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Critics Question Pre-War Knowledge of Iraq WMD
Aired June 17, 2003 - 19:16 ET
THIS IS A RUSH TRANSCRIPT. THIS COPY MAY NOT BE IN ITS FINAL FORM AND MAY BE UPDATED.
ANDERSON COOPER, CNN ANCHOR: And in London now, possible political fallout for British Prime Minister Tony Blair.
The House of Commons wants to know if he misled the government by exaggerating claims Iraq had weapons of mass destruction. Critics of President Bush have the same questions. No weapons of mass destruction have been found since major conflict ended in Iraq more than one month ago.
Well, Tony Blair isn't alone in facing tough questions about the reasons for war with Iraq, as we just mentioned. Just yesterday, President Bush responded to recent suggestions that U.S. intelligence on hand at the time may not have supported what he told Americans about the threat posed by Iraq. Listen.
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GEORGE W. BUSH, PRESIDENT OF THE UNITED STATES: We made it clear to the dictator of Iraq that he must disarm. We asked other nations to join us in seeing to it that he would disarm and he chose not to do so. So we disarmed him. And I know there's a lot of revisionist history now going on. But one thing is certain. He is no longer a threat to the free world. And the people of Iraq are free.
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COOPER: While that may be certain, it is not really the central issue in this debate. The issue in question is whether official statements about Iraq before the war were consistent with U.S. intelligence at the time and whether they've been borne out by facts obtained since the war.
Now it's about a month and a half since the president declared an end to Iraqi combat operations. He began the war telling Americans they were in imminent danger from Iraq's hidden weapons of mass destruction. They have not been found, which of course has raised passionate debate about how imminent the threat really was and what the president's rationales were for war.
Arguments on each side of this debate have their flaws. To better understand the debate, we've asked national security correspondent David Ensor to do something a little unusual tonight. We asked him to give us two reports. First, a look at how critics see flaws in the administration's case on Iraqi weapons. Later we'll look at flaws in the arguments of President Bush's critics as his supporters see them. Take a look.
BUSH: The dictator of Iraq is not disarming.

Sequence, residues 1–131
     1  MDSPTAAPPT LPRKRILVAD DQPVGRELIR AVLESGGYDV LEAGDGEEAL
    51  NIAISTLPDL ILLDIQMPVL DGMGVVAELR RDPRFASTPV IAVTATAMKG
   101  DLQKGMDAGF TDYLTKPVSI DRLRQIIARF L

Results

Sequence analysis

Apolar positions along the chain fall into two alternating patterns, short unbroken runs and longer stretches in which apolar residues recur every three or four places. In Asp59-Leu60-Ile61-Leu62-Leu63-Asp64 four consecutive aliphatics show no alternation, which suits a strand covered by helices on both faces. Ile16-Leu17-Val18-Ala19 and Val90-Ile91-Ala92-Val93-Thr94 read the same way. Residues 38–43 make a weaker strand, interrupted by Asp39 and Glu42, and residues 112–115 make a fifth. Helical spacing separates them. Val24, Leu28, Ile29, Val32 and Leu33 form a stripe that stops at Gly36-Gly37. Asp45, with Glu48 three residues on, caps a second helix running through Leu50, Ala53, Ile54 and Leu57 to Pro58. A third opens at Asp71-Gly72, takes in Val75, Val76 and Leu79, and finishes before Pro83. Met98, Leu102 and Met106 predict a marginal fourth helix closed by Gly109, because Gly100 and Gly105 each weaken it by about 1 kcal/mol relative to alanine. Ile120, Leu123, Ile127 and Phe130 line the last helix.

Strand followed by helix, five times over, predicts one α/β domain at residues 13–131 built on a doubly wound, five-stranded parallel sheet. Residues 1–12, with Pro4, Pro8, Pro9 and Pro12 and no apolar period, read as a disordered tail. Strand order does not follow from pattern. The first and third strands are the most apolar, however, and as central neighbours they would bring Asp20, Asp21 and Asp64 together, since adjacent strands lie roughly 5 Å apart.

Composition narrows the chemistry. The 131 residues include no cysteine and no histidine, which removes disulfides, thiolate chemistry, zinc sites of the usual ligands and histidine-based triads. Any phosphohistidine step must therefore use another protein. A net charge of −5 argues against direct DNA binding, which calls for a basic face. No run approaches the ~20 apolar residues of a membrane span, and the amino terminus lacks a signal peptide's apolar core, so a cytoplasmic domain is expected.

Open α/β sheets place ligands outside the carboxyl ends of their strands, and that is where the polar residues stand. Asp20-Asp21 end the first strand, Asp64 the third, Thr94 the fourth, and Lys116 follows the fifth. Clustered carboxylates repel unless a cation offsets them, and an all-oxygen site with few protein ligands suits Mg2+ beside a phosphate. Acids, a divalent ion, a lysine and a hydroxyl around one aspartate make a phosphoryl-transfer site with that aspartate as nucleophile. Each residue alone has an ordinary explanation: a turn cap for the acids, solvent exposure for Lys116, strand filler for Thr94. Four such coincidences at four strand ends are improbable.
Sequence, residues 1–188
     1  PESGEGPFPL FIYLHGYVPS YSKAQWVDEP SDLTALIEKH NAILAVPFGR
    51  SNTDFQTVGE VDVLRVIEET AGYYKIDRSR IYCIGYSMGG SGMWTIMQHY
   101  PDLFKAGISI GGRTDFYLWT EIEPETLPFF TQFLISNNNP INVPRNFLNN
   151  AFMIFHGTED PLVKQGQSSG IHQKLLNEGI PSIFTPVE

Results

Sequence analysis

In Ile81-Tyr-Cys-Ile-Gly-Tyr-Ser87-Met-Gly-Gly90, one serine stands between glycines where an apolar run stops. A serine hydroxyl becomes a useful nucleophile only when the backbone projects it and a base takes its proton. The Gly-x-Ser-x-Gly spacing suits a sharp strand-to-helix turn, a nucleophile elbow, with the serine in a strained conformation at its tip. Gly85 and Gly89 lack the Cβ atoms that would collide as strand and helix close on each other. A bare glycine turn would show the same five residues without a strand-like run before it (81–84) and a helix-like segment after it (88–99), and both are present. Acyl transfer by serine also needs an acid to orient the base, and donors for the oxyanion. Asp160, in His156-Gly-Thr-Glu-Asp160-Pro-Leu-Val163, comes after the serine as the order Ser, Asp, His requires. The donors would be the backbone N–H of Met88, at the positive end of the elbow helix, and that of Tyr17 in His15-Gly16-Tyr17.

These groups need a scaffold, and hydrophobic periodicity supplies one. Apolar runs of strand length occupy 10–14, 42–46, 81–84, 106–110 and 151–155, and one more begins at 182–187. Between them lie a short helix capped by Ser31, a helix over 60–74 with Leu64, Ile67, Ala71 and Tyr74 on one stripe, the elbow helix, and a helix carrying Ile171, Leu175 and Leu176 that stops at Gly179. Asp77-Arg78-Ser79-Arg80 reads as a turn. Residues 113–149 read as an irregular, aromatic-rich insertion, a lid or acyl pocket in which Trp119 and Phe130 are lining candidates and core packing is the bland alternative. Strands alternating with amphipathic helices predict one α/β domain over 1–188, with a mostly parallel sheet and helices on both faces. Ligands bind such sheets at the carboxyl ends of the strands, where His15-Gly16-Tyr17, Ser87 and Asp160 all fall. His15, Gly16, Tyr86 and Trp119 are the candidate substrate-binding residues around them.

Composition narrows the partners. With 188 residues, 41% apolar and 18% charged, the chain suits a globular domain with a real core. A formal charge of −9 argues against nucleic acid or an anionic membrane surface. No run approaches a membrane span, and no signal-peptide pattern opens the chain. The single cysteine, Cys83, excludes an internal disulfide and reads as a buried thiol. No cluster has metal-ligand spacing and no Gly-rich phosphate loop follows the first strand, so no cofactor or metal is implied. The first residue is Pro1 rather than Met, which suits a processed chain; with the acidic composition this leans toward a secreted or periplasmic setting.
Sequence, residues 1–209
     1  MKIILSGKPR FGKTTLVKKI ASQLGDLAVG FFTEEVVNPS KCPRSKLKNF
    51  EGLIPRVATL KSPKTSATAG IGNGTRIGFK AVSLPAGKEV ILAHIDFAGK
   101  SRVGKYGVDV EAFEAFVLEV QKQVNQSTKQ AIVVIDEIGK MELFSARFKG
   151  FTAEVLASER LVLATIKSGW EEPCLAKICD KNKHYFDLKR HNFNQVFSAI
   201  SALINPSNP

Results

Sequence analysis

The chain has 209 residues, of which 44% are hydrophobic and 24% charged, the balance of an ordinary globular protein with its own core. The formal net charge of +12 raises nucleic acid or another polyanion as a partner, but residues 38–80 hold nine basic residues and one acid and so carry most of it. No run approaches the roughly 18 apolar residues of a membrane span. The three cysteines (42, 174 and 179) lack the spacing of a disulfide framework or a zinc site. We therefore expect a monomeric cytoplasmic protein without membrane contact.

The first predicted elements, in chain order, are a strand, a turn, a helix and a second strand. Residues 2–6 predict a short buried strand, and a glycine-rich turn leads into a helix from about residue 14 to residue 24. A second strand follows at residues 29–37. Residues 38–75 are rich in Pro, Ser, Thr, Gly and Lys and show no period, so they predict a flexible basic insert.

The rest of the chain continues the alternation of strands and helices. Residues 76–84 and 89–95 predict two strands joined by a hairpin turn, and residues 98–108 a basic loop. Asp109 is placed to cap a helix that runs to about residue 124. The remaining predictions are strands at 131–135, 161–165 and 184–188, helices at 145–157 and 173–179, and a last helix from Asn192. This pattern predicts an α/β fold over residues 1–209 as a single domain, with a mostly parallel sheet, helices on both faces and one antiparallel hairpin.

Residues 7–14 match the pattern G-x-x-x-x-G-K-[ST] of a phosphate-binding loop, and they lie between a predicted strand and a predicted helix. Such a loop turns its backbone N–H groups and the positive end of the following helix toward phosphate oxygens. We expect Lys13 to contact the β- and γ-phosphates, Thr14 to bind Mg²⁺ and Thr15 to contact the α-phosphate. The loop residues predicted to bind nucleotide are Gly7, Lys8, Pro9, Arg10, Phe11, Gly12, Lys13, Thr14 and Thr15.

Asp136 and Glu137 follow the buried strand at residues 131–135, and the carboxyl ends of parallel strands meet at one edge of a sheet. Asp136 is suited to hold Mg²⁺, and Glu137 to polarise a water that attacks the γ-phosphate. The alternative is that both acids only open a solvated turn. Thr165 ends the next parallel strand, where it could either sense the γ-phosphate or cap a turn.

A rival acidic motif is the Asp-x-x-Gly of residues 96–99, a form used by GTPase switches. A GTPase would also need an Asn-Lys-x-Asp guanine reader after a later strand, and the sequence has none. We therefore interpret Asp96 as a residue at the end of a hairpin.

DAVID ENSOR, CNN NATIONAL SECURITY CORRESPONDENT (voice-over): The case for war against Iraq from the leader of the free world in the State of the Union address. Exhibit A, for the administration's critics, President Bush citing a close ally.
BUSH: The British government has learned that Saddam Hussein recently sought significant quantities of uranium from Africa.
ENSOR: The allegation was wrong. It was based on documents later exposed as sloppy forgeries with the wrong letterhead and wrong names, designed to falsely implicate Niger in selling yellow cake, raw uranium to Iraq.
RAY CLOSE, FORMER CIA OFFICIAL: It's amazing to me that this could have happened. It processes the measure of the type of pressure people are under in Washington now to produce information that adds to the dossier of evidence against the Iraqis.
ENSOR: Worst of all, U.S. officials now tell CNN the White House should have known better.
(on camera) A CIA report cited a former ambassador sent to Niger to investigate. He listed multiple reasons the allegation had to be false. The White House had that report, officials say, nearly a year before the president made the speech.
(voice-over) Exhibit B for the administration's critics: Vice President Cheney on a March TV talk show talking about Saddam Hussein.
DICK CHENEY, VICE PRESIDENT OF THE UNITED STATES: We know he's been absolutely devoted to trying to acquire nuclear weapons. And we believe he has, in fact, reconstituted nuclear weapons.
ENSOR: Exaggeration, say critics. U.S. intelligence officials say they have no evidence Iraq reconstituted its nuclear program as Cheney suggested. Only that it may or may not have tried to, unsuccessfully.
Pressed for what intelligence was behind Cheney's assertion, administration officials cited evidence Iraq had tried to acquire aluminum tubes, which could be used to make gas centrifuges to enrich uranium. But the International Atomic Energy Agency and other experts say the tubes would have been unsuitable.
DAVID ALBRIGHT, FORMER U.N. WEAPONS INSPECTOR: I think the administration's making a mistake by focusing on the aluminum tubes, because they're not a clear indicator of a nuclear weapons effort in Iraq.
ENSOR: Exhibit C for critics: the president post war on Polish television.
BUSH: We found the weapons of mass destruction. You know, we found biological laboratories.
ENSOR: Questionable, say the critics. U.S. intelligence officials do say they cannot find any other potential use for the trailers filled with sophisticated equipment. But actual weapons of mass destruction? U.S. officials have yet to find a single molecule.
JONATHAN TUCKER, BIOLOGICAL WEAPONS EXPERT: The fact that no traces of agent have yet been found and that, in fact, other chemicals that one would not expect in this type of facility have been found do raise doubts about the conclusiveness of the analysis.
ENSOR: There's ammunition, then, for the administration's critics. But there are holes in the critics' arguments too. And in the next hour we'll take a look at some of those, Anderson.
COOPER: All right. David Ensor, thanks very much. As David just said, we're going to have his follow-up report. A look at how the administration sees the flaws in the arguments of its critics. That's coming up in our 8 p.m. hour.
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